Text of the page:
Reverse Proxy test failure w/o IPv6

FYI: Testing the reverse proxy configuration with netcat fails if you have IPv6 disabled.

On our cluster all our nodes explicitly have IPv6 disabled. When trying to test the reverse proxy setup for OOD, we get this type of failure:

[user@node ~]$ nc -l 5432
close: Bad file descriptor

This is due to netcat attempting to close a non-existent IPv6 listening socket. The work around is to issue the command with the “-4” parameter to force nc to only open an IPv4 listening socket.

Here’s the RHN reference info: netcat returning "Bad file descriptor error" after a connection is made - Red Hat Customer Portal

I guess I forgot to actually ask my question on my original post…

Is netcat only used for this test in OOD, or is it used somewhere this will cause me a problem with down the road?

Hi and welcome. And sorry for the delay.

So in the batch connect jobs, we launch the app, and use netcat to verify the port is open through the wait_until_port_used function.

Here’s the nc command we’re trying to run for reference.

$1 is the host we passed in. Maybe if it was an ip (a version 4 ip) it would work. Where are you using wait_until_port_used function?

Instead of passing in ${host} you can try $(hostname -i | awk '{print $2}') or even just if you’re sure it’ll be local to the node. Here’s where we use it in our jupyter app for reference.

Oh sorry, I’m sorry, are you saying your having an issue with an actual app or with some trival test to make sure things are setup right?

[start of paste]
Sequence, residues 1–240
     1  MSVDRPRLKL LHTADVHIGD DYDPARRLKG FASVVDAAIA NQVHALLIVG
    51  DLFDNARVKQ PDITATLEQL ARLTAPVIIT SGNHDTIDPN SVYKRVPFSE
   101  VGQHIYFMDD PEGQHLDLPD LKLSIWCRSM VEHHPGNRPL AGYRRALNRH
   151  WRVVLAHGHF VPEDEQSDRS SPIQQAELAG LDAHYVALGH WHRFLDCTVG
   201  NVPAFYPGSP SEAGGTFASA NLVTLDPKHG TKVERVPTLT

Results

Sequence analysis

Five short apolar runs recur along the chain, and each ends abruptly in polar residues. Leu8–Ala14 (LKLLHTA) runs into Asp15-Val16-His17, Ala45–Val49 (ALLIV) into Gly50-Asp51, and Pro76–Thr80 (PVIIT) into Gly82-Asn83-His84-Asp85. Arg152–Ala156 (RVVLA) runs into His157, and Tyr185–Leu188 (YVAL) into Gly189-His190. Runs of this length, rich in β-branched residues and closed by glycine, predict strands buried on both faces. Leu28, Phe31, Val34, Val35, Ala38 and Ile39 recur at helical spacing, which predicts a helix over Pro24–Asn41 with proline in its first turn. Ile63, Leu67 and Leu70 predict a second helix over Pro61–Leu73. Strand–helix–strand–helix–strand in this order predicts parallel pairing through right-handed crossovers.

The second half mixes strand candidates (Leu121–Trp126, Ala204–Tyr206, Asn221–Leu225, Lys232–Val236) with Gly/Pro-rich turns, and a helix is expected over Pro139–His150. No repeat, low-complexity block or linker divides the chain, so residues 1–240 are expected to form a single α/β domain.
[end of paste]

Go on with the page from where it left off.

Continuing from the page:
It could cause issues as I’ve indicated above. But as you can see the nc command there, you may try running it on a compute node and see if it errors with the same complaint as listen does.


Thanks for the update, we are still in the process of setting up the interactive app portion, so nothing breaking yet, just the test.

If I am understanding correctly, OOD will be using ‘nc’ to call the node for connectivity verification vs. ‘nc -l’ being launched as a listener on the node. (Like the example for testing reverse proxy shows.)

If that’s correct, then I doubt there will be an issue. From what I can find, this is only an error that happens with netcat is started as a listener and tries to clean up a socket that was never started. (e.g. the IPv6 socket)

Side note, yes if I run the reverse proxy test as nc -l <ip> <port> instead of leaving the ip/host off it correctly returns as the document shows.

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